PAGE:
Second, the Movement has taught us that our work should be anchored in actively loving Black people as much as defeating anti-Black racism. We know that Black lives are so much larger than the oppression that surrounds us. However, does our advocacy actually reflect that? Our role as lawyers calls on us to engage with Black communities in moments of crisis. It’s naive to think that this repeated exposure to Black trauma does not shape our understanding of Black people. We cannot lose sight of the fact that our work is to fight for actual people and communities. Integrating the celebration of Black life, Black love, and Black joy are integral to building sustainable movements that build Black futures. By privileging the humanity of Black people in our work, we can transform the law in such a way that it sees Black people the way that we see each other.
Third, the Movement for Black Lives has taught us the liberating power of Black radical imagination. In cities around the country, ideas once regarded as impossible are now public policy. School districts have abandoned contracts with law enforcement. Cities are divesting funding from law enforcement and investing in neglected social services. Minneapolis is even planning to disband its entire police department. We are only in this moment because of the revolutionary labor of Black women and Black LGBT folks. This Movement has been designed and led by them. By privileging their vision, we have created the most audacious agenda to transform the lives of Black people in generations. As legal workers we have to defend their lives and create space for their leadership because their vision is our only path towards freedom for all Black people.
We find ourselves living through an incredibly perilous moment for Black people. From pandemic, to policing and poverty, our community confronts an endless array of threats. Despite the severity of the circumstances we confront, I am convinced by the wisdom of my elders—that Black people are so much greater that the oppressions we face. I choose to place my faith in Black people. I know that we will find our path to freedom. Until that day, may we find healing in our mourning and hope in our struggle.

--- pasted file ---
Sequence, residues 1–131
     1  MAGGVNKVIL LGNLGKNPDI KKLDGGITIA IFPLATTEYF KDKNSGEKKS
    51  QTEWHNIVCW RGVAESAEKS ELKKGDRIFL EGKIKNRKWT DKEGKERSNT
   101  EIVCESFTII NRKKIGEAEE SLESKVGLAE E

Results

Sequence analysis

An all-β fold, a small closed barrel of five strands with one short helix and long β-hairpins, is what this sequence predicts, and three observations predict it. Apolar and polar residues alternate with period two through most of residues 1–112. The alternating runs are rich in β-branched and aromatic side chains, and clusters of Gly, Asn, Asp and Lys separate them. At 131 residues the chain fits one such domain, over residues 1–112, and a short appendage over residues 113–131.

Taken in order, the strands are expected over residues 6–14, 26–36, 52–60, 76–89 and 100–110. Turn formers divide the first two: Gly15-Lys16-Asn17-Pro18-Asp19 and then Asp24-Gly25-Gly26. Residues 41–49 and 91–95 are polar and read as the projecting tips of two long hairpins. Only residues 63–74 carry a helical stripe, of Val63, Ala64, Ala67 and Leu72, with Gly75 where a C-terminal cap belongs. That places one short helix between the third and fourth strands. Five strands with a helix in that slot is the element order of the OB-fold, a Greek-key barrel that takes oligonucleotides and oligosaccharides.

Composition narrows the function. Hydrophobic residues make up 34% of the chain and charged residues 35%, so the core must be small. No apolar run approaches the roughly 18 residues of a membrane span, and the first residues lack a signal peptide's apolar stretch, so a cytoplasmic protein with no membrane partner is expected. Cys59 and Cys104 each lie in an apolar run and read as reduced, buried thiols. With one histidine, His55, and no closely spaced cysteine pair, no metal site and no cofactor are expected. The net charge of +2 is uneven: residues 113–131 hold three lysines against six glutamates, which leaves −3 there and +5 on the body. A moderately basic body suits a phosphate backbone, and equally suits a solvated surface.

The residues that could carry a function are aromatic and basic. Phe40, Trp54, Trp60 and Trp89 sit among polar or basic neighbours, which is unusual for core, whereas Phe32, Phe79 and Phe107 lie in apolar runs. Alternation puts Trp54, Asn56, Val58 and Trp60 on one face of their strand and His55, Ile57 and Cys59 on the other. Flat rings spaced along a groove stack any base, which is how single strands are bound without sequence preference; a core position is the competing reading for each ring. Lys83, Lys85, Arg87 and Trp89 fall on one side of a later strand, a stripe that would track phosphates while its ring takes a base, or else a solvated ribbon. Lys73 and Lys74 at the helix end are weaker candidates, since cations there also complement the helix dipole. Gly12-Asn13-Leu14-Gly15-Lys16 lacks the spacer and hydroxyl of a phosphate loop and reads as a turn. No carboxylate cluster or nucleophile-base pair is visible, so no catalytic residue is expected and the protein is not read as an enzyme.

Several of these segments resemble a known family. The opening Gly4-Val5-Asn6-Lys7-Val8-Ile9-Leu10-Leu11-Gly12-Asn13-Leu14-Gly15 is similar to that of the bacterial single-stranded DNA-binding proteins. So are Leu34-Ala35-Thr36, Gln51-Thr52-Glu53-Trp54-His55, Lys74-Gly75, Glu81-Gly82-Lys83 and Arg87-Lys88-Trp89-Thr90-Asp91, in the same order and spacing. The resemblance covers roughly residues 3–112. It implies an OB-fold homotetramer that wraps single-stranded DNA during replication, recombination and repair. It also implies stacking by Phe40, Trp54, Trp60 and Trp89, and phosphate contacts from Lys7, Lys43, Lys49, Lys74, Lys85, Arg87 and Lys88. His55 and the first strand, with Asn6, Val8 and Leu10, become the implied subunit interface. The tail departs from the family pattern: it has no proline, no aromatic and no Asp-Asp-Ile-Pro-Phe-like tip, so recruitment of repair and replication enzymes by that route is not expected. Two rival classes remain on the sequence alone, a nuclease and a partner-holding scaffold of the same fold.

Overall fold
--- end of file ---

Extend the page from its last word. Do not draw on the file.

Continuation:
- Abolition Democracy by Angela Davis
- When Work Disappears by William Julius Wilson
- Black Reconstruction by W.E.B. DuBois
- I’ve Got the Light of Freedom by Charles Payne
- Democracy Remixed: Black Youth and the Future of American Politics by Cathy Cohen
- Where Do We Go from Here by Dr. Martin Luther King Jr.
- Race After Technology by Ruha Benjamin
- The Fire Next Time by James Baldwin
- The Kerner Report
- Critical Race Lawyering in Tulia, Texas by Vanita Gupta
- Serving Two Masters: Integration Ideals and Client Interests in Desegregation Litigation by Derrick A Bell Jr.
Visit here to learn how Clarence Okoh’s Fellowship enables him to defend low-income communities of color against exploitative technologies.